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Tityrus to his fair Phillis.

[From England's Helicon.]

THE silly swain, whose love breeds discontent, Thinks death a trifle, life a loathsome thing;

Sad he looks, sad he lies:

But when his fortune's malice doth relent, Then of love's sweetness he will sweetly sing: Thus he lives, thus he dies.

Then Tityrus, whom love hath happy made,
Will rest thrice happy in this myrtle shade:
For though love at first did grieve him,
Yet did love at last relieve him.

J. D[AVIS ?].


Was author of "Minerva Britanna, or a garden of heroical "Devises," &c.1612.4to. (a collection of Emblems in verse, with a plate to each, from which the following extracts are taken) as well as "The Period of Mourning-in memorie "of the late Prince. Together with Nuptial Hymnes in "honour of this happy marriage betweene Fred. "Count Pal.-and Eliz.-Daughter to our Sovereigne," 1613, 40. "A most true relation of the affaires of Cleve " and Gulick," &c. 1614, 4to. (prose) "Prince Henrie re"vived; or a Poeme upon the Birth-of-Prince H. Fre"derick-Heire apparant to Fred.Count Pal. of the Rhine," &c. 1615, 4to. "The Compleat Gentleman," 1622, 1627, 1634,1654,1661, 4to. (prose) "The Gentleman's Exercise," 1612, 1634, 1654, 1661, 4to. (prose) "Thalia's Banquet," a volume of epigrams, 1520, 12mo. "The Valley of Varie"tie," 1638, 12mo. (prose, as well as the two following.) "The Duty of all true subjects to their king; as also to "their native country in time of extremity and danger," &c. in "two bookes," 1639, 4to. "The Worth of a Peny,

86 or a caution to keep money," 1647, 1667, 1677, 1695, 4to. &c. All works of considerable merit. He is placed here owing to the uncertainty of the time of his

birth. If, as Mr. Ritson assumes, he is the same as " Henry Pecham, Minister," who published "The Garden of Eloquence," (a treatise on rhetoric,) in 1577, 4to. bl. 1. he ought to be referred to the early part of the reign of Queen Elizabeth. If, on the other hand, as Mr. Malone conceives, our author is a different person, (perhaps son to the last-mentioned,) and the earliest date of his compositions 1611, (verses in "The Odcombian Banquet") he would then rather belong to the succeeding one of James I.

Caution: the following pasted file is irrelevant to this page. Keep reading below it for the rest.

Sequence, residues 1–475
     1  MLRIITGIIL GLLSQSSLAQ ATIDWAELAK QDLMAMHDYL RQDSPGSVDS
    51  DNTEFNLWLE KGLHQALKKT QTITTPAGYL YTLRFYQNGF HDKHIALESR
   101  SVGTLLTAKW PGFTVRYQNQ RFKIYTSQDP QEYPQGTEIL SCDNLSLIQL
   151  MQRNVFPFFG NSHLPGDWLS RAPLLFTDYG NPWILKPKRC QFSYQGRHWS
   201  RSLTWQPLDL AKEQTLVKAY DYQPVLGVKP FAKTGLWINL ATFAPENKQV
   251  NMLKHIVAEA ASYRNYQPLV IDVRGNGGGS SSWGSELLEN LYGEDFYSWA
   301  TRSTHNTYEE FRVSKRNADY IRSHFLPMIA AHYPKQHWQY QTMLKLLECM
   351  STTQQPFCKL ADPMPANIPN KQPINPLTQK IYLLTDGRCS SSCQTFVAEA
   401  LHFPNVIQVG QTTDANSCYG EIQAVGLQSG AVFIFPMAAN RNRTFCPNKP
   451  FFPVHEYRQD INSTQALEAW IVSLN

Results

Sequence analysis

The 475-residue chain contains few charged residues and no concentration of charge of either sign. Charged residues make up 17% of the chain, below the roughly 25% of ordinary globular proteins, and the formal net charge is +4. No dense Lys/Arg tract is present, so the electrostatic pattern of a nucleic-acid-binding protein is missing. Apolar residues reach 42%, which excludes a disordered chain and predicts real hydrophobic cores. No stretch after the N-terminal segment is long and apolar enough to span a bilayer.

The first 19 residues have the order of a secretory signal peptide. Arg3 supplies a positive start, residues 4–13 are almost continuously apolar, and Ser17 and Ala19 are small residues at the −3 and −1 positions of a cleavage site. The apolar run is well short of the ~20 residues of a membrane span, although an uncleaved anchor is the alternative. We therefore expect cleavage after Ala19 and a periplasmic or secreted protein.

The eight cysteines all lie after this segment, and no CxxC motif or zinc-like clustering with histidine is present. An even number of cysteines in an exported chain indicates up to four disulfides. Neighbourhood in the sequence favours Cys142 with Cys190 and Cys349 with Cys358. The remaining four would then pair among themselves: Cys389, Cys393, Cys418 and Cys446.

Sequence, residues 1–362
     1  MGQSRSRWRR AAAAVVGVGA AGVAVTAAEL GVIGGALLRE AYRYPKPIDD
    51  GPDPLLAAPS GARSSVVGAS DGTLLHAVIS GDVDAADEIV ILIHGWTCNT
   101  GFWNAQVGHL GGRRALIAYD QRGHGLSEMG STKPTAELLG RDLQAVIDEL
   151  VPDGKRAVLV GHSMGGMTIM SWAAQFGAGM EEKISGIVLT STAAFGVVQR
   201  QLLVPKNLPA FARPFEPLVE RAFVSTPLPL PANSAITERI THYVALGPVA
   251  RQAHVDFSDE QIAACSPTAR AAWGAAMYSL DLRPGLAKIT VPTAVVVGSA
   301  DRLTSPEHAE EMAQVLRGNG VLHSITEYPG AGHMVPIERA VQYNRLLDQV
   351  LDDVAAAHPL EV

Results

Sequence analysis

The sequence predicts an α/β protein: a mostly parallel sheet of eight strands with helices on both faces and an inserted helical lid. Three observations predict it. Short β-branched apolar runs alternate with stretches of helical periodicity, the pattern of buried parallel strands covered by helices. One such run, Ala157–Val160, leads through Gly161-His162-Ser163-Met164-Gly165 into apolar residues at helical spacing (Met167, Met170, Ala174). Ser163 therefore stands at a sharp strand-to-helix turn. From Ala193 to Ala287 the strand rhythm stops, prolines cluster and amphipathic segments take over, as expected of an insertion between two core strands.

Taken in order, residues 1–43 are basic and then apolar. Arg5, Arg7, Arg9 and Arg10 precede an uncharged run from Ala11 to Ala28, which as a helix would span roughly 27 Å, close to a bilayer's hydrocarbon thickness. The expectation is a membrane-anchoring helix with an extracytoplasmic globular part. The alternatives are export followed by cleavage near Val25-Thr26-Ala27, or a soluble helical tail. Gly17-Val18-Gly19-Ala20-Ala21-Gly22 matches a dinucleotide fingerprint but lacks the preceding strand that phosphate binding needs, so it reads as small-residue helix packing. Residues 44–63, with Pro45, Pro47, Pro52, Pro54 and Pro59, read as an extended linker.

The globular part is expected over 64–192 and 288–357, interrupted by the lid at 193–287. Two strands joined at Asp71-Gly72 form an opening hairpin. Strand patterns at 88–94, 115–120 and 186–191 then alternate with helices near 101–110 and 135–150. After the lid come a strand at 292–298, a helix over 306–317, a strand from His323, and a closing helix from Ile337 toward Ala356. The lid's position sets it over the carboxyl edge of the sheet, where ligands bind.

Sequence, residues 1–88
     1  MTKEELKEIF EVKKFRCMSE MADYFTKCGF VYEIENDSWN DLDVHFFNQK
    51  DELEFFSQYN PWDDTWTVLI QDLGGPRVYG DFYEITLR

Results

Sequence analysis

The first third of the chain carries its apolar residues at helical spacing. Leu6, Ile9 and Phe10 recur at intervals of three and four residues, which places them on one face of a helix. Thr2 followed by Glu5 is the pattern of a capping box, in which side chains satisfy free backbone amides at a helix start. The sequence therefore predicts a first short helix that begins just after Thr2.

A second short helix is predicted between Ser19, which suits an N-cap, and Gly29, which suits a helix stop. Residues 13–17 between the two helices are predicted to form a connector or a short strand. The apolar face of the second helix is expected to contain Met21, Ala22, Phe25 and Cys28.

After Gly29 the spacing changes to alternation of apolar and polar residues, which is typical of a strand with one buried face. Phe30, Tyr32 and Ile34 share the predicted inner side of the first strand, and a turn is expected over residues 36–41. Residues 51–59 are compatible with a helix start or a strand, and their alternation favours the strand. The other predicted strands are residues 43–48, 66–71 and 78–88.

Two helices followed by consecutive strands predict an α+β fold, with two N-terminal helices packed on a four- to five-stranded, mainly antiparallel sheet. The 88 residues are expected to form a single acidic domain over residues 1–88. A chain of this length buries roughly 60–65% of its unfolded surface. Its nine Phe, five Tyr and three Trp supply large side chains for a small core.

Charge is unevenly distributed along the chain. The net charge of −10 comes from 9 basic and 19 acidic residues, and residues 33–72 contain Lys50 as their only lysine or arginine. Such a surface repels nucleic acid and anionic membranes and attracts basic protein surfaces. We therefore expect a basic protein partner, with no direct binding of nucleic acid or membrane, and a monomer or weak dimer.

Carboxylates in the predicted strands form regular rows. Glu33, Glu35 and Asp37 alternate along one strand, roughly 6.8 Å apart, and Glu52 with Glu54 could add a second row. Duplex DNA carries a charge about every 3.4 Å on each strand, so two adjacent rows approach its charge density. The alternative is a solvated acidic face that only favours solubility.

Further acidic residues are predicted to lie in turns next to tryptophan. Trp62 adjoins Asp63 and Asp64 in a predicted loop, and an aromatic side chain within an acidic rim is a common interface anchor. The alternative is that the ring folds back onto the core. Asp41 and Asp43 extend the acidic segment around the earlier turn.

I have only to add, that he was born at or near St. Albans ; assisted in educating the children of Thomas, earl of

Arundel; and attended that nobleman into the Low Countries. In the title to his "Minerva" he styles himself Master of Arts; and it appears that he was "sometime of "Trinity College, Cambridge." His father was "Mr. "Henry Peacham, of Leverton, in Holland, in the county "of Lincoln."

Further particulars of his history I am unable to furnish, (though, in all probability, they might be supplied by an attentive perusal of his various publications,) and, till I have it in my power to ascertain with accuracy, either the year of his birth, or whether or not he was the author ́of "The Garden of Eloquence," venture to place him between the reigns of Elizabeth and James.

Humilibus dat Gratiam.

THE mountains huge, that seem to check the sky,
And all the world with greatness over-peer,
With heath or moss for most part barren lie;
When valleys low doth kindly Phœbus cheer,
And with his heat in hedge and grove begets
The virgin primrose or sweet violets.

So God oft-times denies unto the great
The gifts of nature, or his heavenly grace,
And those that high in honour's chair are set

Do feel their wants; when men of meaner place, Although they lack the others' golden spring,

Perhaps are blest above the richest king.

Gloria lata Via.

THOUGH life be short, and man doth, as the sun, His journey finish in a little space,

The way is wide an honest course to run,

And great the glories of a virtuous race,

That, at the last, do our just labours crown
With three-fold wreath, love, honour, and renown.


Nor can night's shadow, or the Stygian deep,

Conceal fair Virtue from the world's wide eye; The more oppress'd, the more she strives to peep, And raise her rose-bound golden head on high: When epicures, the wretch, and worldly slave, Shall rot in shame, alive and in the grave.

Nec in und sede morantur.

THE awful sceptre, though it can compel
By powerful might great'st monarchs to obey,
Love where he listeth liketh best to dwell,
And take abroad his fortune as he may:
Ne might, or gold, can win him thence away,
Whereto he is through strong affection led,
Be it a paláce, or the simplest shed.

But, Venus' infant! dread of all beneath!

Imperious fear from my sweet saint remove,
And with thy soft ambrosial kisses breathe
Into her bosom meek and mildest love
With melting pity from thy queen above:
That she may read, and oft remember this,
And learn to love, who most beloved is.

Ad generosissimum et opt. spei juvenem Nobilem D. C. M. in Italiam nuperrime profectum.

THE Spartan virgins, ere they had compos'd
Their garlands of the fairest flowers to sight,
The wholesom'st herbs they herewithal inclos'd,
And so their heads full jollily they dight,
In memory of that same leach, they write,
Who first brought simples, and their use to light.

So ye, brave lord, who like the heavenly sphere
Delight in motion, and about to roam,
Must learn to mix in travel far and near

With pleasure profit, that, returning home,

Your skill and judgment more may make you


Than your French suit, or lock so largely grown.

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